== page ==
But after I had ingested the book and started thinking about how to put it on stage, I faced an unexpected question: what was the actual story I was going to tell? This may seem odd at first; after all, the story is right there in the pages: John and Susan get married, acquire land, have two children, open some businesses, and so on. But, as Keith Johnstone points out in Impro, "the trouble with such a sequence is that there's no place where it can stop, or rather, it can stop anywhere." This said to me is that the story of Color was not the chain of events that Sara had so lovingly laid down in the book. But if not them, then what?
This brought me to my first "click" about structure and its effect on content and meaning: novels and plays tell stories in very different ways. In terms of space and time, novels are "leisurely": one can drop in and drop out as one wishes, and they can be read anywhere. A play cannot "play" this way because it is bound to a space and, like smoke, bleeds away as the clock runs down. Therefore, to make Color work on stage, it could not be a simple echo of the events that Sara had chained together; instead, as Johnstone pointed out, the "arc" of a play's story had to be loops and knots and, in his word, "reincorporation." There is no place to put a bookmark or press "pause" in a play; once the key is turned, the engine must go until it stops.
But right away this brought me back to the first question: what was the actual story I was going to tell? What was the fuel I was going to put in the "engine" to keep it going until it stopped? I went back to the book, but instead of staying linear (left to right and down the page), I took newsprint and, taking Johnstone literally, began to draw loops and knots and "reincorporations." In short, I started looking for links that Sara may or may not have put in the book but which I needed to give the play's story the forward momentum it needed.
And this ran me straight into the core ethical wall in adaptation: what did the term "faithful" mean in reference to the original material? Sara, bless her heart, gave me free rein to re-arrange the book any way I wanted, which solved the immediate doubt. But the question stayed with me, as it should have, all through the work, and not until the script was done did I have what I thought was a reasonable reply. (More on this at the end.)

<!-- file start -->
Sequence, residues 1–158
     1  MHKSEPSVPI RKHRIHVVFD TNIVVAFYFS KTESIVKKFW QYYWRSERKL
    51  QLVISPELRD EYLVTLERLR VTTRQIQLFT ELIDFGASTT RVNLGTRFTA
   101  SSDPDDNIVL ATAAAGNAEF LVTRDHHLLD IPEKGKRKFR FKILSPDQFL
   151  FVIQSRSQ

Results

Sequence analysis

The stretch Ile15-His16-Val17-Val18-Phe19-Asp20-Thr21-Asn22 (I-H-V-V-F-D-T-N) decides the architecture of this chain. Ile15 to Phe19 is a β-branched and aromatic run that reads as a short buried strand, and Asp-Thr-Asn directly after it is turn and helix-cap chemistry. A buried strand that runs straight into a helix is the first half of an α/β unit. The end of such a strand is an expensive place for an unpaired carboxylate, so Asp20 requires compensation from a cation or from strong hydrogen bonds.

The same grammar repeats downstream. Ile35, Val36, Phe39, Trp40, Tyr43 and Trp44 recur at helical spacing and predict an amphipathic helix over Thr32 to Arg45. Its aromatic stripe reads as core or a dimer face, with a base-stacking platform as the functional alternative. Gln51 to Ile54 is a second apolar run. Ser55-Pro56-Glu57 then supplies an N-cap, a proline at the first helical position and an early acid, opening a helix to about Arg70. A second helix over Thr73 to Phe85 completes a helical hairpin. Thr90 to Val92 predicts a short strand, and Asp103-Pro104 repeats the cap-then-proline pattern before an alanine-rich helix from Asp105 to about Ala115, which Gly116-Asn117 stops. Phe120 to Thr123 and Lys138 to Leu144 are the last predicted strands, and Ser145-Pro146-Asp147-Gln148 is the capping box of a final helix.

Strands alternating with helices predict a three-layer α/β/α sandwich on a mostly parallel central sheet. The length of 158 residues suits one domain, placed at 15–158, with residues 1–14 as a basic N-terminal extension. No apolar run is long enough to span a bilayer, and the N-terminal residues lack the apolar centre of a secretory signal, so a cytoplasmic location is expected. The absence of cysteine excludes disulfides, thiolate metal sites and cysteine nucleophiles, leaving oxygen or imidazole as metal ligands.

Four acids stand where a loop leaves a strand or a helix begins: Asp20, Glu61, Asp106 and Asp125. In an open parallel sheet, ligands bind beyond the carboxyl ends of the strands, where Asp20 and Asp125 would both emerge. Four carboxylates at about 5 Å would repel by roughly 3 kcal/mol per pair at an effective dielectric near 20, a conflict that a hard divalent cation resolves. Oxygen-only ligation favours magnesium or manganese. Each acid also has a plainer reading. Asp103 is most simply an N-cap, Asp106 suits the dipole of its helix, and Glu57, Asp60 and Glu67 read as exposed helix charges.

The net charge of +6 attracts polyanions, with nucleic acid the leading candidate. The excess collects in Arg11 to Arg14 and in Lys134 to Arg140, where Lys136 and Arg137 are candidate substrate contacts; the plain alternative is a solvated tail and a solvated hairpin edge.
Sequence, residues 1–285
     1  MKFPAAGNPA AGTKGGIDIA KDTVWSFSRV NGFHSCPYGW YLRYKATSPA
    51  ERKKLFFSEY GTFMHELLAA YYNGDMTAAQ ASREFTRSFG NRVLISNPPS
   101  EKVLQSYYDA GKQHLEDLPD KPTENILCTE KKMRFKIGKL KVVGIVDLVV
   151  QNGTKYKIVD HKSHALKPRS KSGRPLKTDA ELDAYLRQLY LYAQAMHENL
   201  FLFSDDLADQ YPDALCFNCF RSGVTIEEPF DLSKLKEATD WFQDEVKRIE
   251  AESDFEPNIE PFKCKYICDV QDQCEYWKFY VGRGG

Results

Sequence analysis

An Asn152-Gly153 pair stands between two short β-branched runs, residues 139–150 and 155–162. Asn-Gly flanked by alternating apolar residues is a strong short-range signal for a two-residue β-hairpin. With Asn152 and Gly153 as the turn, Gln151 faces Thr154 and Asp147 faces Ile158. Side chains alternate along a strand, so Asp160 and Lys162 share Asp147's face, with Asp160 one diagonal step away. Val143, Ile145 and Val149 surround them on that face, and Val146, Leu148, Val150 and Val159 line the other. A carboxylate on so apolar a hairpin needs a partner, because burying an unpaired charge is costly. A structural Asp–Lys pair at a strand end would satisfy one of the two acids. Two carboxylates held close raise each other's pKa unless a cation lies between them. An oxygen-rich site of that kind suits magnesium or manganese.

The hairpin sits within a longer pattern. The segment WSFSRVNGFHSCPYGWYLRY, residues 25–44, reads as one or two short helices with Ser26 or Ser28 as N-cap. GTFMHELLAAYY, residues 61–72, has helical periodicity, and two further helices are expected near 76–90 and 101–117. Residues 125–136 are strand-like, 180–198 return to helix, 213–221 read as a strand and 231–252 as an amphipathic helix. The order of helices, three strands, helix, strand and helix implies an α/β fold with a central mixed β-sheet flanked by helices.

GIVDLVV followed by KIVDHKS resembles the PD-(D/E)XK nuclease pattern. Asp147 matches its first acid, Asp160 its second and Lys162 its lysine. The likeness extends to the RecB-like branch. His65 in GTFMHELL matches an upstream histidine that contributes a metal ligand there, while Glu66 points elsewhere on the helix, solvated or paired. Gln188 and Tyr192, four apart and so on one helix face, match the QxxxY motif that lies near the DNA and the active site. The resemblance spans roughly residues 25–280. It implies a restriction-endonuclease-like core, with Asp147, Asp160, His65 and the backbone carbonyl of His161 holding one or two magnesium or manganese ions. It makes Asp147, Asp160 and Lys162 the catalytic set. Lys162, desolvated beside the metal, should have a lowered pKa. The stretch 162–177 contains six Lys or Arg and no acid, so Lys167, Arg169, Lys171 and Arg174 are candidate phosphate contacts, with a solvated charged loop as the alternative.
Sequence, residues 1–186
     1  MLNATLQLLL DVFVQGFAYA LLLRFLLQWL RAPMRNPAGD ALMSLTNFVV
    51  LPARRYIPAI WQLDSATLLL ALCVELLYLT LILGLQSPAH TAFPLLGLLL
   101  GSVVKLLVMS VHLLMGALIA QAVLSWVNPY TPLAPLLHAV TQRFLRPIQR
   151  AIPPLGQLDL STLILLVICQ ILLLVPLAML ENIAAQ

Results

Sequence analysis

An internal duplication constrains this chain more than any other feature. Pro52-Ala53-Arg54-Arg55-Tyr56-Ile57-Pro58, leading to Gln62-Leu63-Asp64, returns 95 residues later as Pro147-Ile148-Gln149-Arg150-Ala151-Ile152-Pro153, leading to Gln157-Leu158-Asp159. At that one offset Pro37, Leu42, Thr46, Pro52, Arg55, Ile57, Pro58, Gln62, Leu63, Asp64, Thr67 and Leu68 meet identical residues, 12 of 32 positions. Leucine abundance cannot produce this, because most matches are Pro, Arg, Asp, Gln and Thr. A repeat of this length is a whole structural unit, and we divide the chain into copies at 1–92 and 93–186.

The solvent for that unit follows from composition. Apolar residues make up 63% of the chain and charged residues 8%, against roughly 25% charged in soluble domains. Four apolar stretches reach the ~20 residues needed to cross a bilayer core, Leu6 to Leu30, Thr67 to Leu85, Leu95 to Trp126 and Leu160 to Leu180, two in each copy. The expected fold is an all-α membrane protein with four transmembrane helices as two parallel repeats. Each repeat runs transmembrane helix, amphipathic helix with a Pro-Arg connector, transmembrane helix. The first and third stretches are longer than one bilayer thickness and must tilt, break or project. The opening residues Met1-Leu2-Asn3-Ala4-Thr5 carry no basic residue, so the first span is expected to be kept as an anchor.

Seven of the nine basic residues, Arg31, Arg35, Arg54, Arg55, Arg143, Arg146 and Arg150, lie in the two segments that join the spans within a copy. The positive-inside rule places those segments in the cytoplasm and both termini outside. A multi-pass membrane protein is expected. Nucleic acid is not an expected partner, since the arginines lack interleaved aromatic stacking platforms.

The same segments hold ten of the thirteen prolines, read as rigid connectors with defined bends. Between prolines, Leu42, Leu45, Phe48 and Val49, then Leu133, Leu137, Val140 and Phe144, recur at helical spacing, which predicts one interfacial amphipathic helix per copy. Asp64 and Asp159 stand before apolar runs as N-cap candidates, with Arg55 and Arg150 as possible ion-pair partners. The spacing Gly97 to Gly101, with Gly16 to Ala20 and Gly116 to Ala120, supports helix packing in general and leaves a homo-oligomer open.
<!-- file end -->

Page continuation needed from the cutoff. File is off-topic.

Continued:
Just to give two examples of how my "looping" helped me craft an arc that was able to "re-incorporate" itself in a way the novel's arc did not. One of the characters, Goforth, manages a great deal of land (which actually belongs to his wife). He is a Southern aristocrat and knows well the intricate couplings between blacks and whites, between slaves and owners, despite what the laws say. Becky is a black preacher women whom John and Susan meet. She marries them and adopts them as her "family," and to help John find work, she goes to Goforth to ask him to give John a job. Now, when I read the book, what popped up was, "How did this poor black woman, descendent of a slave, know the richest man in the county well enough to walk up to him on his porch and ask him a favor?" The book gives me no answer. So I made one up (with Sara's approval): Goforth and Becky had "known" each other Biblically at some point in the past, and Mrs. Goforth knew about their "knowing" each other, a knowledge she keeps unvoiced but which clearly animates her in the scene as Becky stands in front of Goforth. Later, this hidden knowledge is part of what fires Mrs. Goforth to wreak havoc on John at the end of the play after Goforth's death -- the crossing of the color line by both her husband and John tars them with the same brush, and John is battered by an unleashed fury that Mrs. Goforth can no longer vent on her absent husband.